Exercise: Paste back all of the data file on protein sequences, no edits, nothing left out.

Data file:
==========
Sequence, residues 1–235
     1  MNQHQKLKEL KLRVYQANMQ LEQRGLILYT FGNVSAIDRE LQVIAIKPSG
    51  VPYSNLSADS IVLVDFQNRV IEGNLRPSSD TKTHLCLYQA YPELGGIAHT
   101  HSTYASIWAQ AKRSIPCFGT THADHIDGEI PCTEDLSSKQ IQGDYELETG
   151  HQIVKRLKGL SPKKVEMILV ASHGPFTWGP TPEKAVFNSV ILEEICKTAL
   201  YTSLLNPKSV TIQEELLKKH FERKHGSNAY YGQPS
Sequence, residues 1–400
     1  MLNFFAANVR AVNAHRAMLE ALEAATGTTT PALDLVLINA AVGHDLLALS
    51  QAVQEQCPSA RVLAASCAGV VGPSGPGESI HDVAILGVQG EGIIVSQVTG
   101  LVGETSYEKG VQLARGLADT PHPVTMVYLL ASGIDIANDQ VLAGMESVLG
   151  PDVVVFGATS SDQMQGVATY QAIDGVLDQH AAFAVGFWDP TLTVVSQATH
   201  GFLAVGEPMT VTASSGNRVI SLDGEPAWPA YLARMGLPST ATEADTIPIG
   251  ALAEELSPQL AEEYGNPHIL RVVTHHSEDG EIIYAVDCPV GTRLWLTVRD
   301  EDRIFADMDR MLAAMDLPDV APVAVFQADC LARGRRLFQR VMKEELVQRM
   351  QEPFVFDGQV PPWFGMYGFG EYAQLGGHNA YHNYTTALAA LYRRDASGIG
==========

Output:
Sequence, residues 1–235
     1  MNQHQKLKEL KLRVYQANMQ LEQRGLILYT FGNVSAIDRE LQVIAIKPSG
    51  VPYSNLSADS IVLVDFQNRV IEGNLRPSSD TKTHLCLYQA YPELGGIAHT
   101  HSTYASIWAQ AKRSIPCFGT THADHIDGEI PCTEDLSSKQ IQGDYELETG
   151  HQIVKRLKGL SPKKVEMILV ASHGPFTWGP TPEKAVFNSV ILEEICKTAL
   201  YTSLLNPKSV TIQEELLKKH FERKHGSNAY YGQPS
Sequence, residues 1–400
     1  MLNFFAANVR AVNAHRAMLE ALEAATGTTT PALDLVLINA AVGHDLLALS
    51  QAVQEQCPSA RVLAASCAGV VGPSGPGESI HDVAILGVQG EGIIVSQVTG
   101  LVGETSYEKG VQLARGLADT PHPVTMVYLL ASGIDIANDQ VLAGMESVLG
   151  PDVVVFGATS SDQMQGVATY QAIDGVLDQH AAFAVGFWDP TLTVVSQATH
   201  GFLAVGEPMT VTASSGNRVI SLDGEPAWPA YLARMGLPST ATEADTIPIG
   251  ALAEELSPQL AEEYGNPHIL RVVTHHSEDG EIIYAVDCPV GTRLWLTVRD
   301  EDRIFADMDR MLAAMDLPDV APVAVFQADC LARGRRLFQR VMKEELVQRM
   351  QEPFVFDGQV PPWFGMYGFG EYAQLGGHNA YHNYTTALAA LYRRDASGIG